Were the UK in the EEA or adopted the Swiss model, goods would still be susceptible to anti-dumping action by the EU; for instance, in 2005, the EU imposed a 16% duty on Norwegian salmon. As discussed in Chapter 4, membership of the EEA or the negotiation of bilateral agreements analogous to those in Switzerland would also require the UK to adopt EU product standards (and other regulations) across the whole economy.
Restrictions on services trade
As part of the EU’s internal market, EEA countries like Norway are able to conduct services trade on the same basis as other Member States. However, as in other areas, they lack direct influence over how services are regulated at EU level. The loss of influence over the regulatory agenda and the ability to push directly for further services trade liberalisation may be particularly important for the UK, given that it has a comparative advantage in a number of sectors, and runs a services trade surplus with the EU. Many voices in the financial services industry believe that the UK’s ongoing influence over the regulatory agenda is important, particularly as the eurozone crisis brings about a wave of euro area-specific regulation and reform that could be potentially discriminatory to the City. In evidence to the Foreign Affairs Committee, TheCityUK, the lobbying body for the financial services industry, wrote:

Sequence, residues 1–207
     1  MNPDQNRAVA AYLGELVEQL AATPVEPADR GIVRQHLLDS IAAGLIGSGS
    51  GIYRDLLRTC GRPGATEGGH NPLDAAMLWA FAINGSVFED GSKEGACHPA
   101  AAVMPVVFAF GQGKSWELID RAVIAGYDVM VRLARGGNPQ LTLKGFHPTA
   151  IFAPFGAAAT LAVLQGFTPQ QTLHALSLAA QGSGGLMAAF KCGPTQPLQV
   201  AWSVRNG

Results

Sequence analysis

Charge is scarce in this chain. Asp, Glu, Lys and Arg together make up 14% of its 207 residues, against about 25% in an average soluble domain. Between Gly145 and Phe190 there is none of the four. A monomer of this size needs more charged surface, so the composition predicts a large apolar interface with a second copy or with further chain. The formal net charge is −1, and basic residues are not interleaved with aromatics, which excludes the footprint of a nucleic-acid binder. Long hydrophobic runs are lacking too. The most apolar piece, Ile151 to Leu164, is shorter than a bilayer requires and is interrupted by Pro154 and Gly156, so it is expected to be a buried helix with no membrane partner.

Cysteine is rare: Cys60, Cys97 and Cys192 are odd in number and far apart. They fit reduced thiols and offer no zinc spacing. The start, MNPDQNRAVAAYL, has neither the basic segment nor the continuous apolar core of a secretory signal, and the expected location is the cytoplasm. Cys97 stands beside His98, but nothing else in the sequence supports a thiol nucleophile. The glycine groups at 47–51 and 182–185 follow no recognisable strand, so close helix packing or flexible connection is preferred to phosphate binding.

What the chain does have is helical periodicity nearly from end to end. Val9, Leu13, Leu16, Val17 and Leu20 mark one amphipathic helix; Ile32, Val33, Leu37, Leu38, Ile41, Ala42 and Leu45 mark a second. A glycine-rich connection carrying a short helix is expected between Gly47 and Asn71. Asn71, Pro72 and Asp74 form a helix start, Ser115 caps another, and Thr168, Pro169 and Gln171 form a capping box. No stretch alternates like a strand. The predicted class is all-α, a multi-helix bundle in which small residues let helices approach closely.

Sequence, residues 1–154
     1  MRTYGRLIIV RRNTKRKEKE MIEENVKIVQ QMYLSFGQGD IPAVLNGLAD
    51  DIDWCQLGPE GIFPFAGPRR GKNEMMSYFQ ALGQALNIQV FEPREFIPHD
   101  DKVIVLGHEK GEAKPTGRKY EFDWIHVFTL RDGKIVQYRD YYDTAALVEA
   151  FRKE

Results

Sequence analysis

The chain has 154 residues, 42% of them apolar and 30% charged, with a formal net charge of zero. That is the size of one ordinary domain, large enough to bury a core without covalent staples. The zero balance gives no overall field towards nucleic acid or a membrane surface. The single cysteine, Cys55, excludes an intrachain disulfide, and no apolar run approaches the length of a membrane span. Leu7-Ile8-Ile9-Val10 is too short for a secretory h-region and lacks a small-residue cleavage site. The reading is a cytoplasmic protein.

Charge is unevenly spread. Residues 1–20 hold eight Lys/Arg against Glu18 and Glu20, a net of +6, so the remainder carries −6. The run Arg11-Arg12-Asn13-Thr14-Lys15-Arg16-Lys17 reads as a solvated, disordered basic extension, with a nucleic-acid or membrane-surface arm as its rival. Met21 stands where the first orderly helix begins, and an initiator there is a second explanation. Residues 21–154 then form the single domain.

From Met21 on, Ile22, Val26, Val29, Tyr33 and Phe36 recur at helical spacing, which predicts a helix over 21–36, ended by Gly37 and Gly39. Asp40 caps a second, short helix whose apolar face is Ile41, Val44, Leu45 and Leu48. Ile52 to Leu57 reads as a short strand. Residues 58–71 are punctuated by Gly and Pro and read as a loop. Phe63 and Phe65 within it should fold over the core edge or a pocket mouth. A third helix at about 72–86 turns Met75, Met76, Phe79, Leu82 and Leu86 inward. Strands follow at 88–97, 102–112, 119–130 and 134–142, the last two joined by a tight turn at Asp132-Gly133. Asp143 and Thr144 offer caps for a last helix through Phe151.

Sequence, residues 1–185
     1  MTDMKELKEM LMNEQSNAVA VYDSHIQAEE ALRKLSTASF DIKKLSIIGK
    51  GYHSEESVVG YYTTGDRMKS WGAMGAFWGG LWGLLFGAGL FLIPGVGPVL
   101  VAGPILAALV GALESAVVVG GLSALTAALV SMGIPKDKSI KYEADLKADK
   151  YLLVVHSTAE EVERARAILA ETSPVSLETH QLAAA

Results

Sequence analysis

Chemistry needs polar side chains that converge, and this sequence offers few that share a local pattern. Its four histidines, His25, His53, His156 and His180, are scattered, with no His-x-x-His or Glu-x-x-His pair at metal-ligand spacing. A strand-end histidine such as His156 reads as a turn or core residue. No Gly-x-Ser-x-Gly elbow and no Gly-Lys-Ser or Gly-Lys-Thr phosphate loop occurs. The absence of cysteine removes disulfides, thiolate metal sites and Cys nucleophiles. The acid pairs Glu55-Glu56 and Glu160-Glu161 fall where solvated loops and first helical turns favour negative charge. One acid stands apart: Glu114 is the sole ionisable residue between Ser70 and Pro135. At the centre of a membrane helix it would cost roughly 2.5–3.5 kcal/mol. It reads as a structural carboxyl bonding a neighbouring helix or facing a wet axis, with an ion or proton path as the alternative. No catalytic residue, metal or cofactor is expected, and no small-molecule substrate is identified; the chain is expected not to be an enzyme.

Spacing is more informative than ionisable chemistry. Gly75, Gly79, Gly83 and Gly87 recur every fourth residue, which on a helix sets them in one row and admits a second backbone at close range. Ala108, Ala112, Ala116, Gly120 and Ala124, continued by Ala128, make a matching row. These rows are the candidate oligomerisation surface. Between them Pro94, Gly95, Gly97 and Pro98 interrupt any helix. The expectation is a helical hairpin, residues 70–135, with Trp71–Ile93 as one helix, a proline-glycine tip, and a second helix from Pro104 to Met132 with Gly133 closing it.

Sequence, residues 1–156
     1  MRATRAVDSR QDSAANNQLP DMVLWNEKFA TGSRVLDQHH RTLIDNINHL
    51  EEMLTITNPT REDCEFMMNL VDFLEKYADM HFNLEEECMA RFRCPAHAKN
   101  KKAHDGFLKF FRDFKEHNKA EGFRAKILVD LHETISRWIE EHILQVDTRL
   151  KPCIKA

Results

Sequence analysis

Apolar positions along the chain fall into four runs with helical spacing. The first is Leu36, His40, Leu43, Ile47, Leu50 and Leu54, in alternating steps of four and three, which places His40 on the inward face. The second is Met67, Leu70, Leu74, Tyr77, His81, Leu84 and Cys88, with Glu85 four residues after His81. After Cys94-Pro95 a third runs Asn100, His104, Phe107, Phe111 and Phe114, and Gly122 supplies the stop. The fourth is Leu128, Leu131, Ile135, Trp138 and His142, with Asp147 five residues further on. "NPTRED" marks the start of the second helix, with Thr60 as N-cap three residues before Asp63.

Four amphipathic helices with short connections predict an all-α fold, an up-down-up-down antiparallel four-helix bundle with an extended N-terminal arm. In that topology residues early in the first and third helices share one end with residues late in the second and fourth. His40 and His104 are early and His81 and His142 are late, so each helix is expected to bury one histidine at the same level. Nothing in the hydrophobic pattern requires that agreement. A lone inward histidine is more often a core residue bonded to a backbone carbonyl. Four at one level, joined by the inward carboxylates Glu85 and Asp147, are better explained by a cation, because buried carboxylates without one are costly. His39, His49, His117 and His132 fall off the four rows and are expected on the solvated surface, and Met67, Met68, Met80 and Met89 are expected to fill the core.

… the provision of financial services in the UK by non-UK firms has become to a large degree dependent on the maintenance of [a] common EU legal framework and the UK’s part in devising it and operating within it. The evolutionary character of this common legal framework means that the UK must be engaged at all levels of policy development.
An example of such regulation is the effort by the European Central Bank (ECB), backed by France and Germany, to require clearing houses that deal in significant volumes of euro-denominated transactions to be located within the euro area;62 the UK Government is currently challenging these proposals at the European Court of Justice on the grounds that they contravene the single market principles of free movement of services and capital across the Union. On the other hand, sceptics might point out that the very fact that the UK failed to secure concessions for its financial services industry, despite demanding them at the December 2011 Council summit at which it eventually wielded its ‘veto’, illustrates its powerlessness to influence the agenda even within the EU.63
Were it to leave both the EU and the EEA, in negotiating a trade relationship with the EU, the UK may face particular difficulties, firstly in securing ongoing access to services markets, and secondly in ensuring it benefits from further liberalisation of trade in services within the EU. For instance, despite extensive negotiations on the matter, there is no general and encompassing agreement on the free movement of services between the EU and Switzerland. Financial services trade is an area that could be particularly affected by a ‘Swiss’ approach.